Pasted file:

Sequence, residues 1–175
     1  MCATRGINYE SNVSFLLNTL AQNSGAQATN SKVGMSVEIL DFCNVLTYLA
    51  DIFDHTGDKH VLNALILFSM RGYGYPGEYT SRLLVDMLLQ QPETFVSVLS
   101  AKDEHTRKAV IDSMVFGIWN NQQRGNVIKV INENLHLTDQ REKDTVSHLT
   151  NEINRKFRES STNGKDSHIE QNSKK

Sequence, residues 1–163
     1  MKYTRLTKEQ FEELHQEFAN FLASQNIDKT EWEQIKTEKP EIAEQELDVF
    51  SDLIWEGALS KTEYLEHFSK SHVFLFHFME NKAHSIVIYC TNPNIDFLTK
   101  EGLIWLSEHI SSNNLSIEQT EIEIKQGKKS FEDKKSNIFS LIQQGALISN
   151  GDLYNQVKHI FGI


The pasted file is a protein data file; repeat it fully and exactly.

Sequence, residues 1–175
     1  MCATRGINYE SNVSFLLNTL AQNSGAQATN SKVGMSVEIL DFCNVLTYLA
    51  DIFDHTGDKH VLNALILFSM RGYGYPGEYT SRLLVDMLLQ QPETFVSVLS
   101  AKDEHTRKAV IDSMVFGIWN NQQRGNVIKV INENLHLTDQ REKDTVSHLT
   151  NEINRKFRES STNGKDSHIE QNSKK

Sequence, residues 1–163
     1  MKYTRLTKEQ FEELHQEFAN FLASQNIDKT EWEQIKTEKP EIAEQELDVF
    51  SDLIWEGALS KTEYLEHFSK SHVFLFHFME NKAHSIVIYC TNPNIDFLTK
   101  EGLIWLSEHI SSNNLSIEQT EIEIKQGKKS FEDKKSNIFS LIQQGALISN
   151  GDLYNQVKHI FGI